Starting Jan. 1, serving on the College Park City Council will be a little more rewarding.
The City Council voted 5-2 on Oct. 8 to increase council members’ pay from $5,000 annually to $7,000 with the mayor’s pay rising from $7,500 to $10,500.
Council members last voted to increase their salary by $600 in 2007.
Councilman Robert Catlin (Dist. 2), who is not seeking re-election, proposed the salary increase.
Catlin said he would have retired from the council in 2011, but no one was willing to take his place, and he did not wish to leave his ward with only one representative. College Park’s four districts have two council members each.
“We do have two contested ward races, but neither one is contested by long-term residents. They’ve both contested by student candidates,” Catlin said. “I believe we need to do something to encourage more people to run, or if they’re already in office, to stay in office.”
Councilman Marcus Afzali (Dist. 4), who is also not seeking re-election agreed on the difficulties of securing candidates.
“Oftentimes the city has had to literally beg people to run for council,” he said.
Councilman Fazlul Kabir (Dist. 3) proposed an amendment to Catlin’s resolution that would have reduced the increase to 10 percent, but his amendment was rejected by a 5-2 vote.
“... I think a 40 percent hike is too much, especially in a year when we raised residents’ taxes,” he said. “It just doesn’t feel right. Doesn’t feel good. I think the reasonable amount is 10 percent.”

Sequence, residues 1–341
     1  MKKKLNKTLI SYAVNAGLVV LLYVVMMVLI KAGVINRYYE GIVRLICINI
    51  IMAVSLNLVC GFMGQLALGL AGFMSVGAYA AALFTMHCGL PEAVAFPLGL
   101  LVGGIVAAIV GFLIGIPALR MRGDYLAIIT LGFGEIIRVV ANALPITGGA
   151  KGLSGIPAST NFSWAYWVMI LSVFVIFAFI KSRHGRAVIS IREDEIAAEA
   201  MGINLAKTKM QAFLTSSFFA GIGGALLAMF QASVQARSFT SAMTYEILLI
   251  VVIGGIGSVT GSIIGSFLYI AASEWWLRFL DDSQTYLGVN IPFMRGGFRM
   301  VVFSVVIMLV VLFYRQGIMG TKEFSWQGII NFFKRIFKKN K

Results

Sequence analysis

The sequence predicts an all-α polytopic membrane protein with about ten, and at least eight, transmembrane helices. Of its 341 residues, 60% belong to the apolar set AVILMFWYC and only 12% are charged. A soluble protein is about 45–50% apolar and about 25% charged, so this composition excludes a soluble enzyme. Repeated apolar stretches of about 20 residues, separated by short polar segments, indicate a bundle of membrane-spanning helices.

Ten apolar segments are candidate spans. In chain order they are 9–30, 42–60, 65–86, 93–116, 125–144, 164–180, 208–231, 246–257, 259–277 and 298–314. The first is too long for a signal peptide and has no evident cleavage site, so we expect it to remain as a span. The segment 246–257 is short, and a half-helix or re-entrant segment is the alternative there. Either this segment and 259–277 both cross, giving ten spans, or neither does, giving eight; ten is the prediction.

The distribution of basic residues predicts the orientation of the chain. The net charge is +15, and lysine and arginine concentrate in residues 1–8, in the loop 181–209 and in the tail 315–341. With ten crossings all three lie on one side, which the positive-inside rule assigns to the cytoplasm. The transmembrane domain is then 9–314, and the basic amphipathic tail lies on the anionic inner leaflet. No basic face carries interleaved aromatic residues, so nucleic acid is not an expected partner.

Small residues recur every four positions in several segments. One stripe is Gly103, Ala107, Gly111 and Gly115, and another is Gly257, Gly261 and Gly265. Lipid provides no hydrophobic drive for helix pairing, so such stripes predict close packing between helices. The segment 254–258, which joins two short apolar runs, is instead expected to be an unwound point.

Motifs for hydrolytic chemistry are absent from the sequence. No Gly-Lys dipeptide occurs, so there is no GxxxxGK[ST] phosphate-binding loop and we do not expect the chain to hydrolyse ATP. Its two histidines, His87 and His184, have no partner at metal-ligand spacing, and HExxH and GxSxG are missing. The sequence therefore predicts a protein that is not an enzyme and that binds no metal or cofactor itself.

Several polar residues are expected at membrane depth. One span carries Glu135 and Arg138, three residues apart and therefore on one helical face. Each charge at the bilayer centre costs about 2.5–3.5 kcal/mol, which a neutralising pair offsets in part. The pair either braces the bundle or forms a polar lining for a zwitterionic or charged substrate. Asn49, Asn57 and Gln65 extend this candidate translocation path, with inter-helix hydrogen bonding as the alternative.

Mary Cook, a north College Park resident and former council member, said she considered a 10 percent increase “very reasonable.”
“I know how much work being on the council is,” Cook said. “I’m willing to give you 10 percent out of my own pocket, but not 40 percent.”
Cook suggested that in the future, mayor and council pay increases should be put to a referendum vote.
Councilman Patrick Wojahn (Dist. 1) said the increase would help promote a healthier democracy in College Park.
“If we say that we shouldn’t increase the salary because people who do this job ... are generally able to support themselves, with benefits, with the jobs they already have, then we’re basically shutting the door on people who don’t have that kind of job, who don’t earn that kind of money,” Wojahn said.
Resident Margaret Kane said she felt the pay increase could encourage more people to run.
“I think this increase could encourage people who want to run who need a second job, but might not need a second job with this small supplement to their income.”
Resident, Tim Miller, spoke out against the increase, accusing the council of fiscal irresponsibility, raising taxes while giving out pay increases to employees and now itself.
“The mayor and certain members of the City Council are taking this city straight into bankruptcy within 15 to 20 years from now,” Miller said.
Kabir and Councilwoman Denise Mitchell (Dist. 4) cast the two ‘nay’ votes to the 40 percent increase. Councilman Monroe Dennis (Dist. 2) was absent.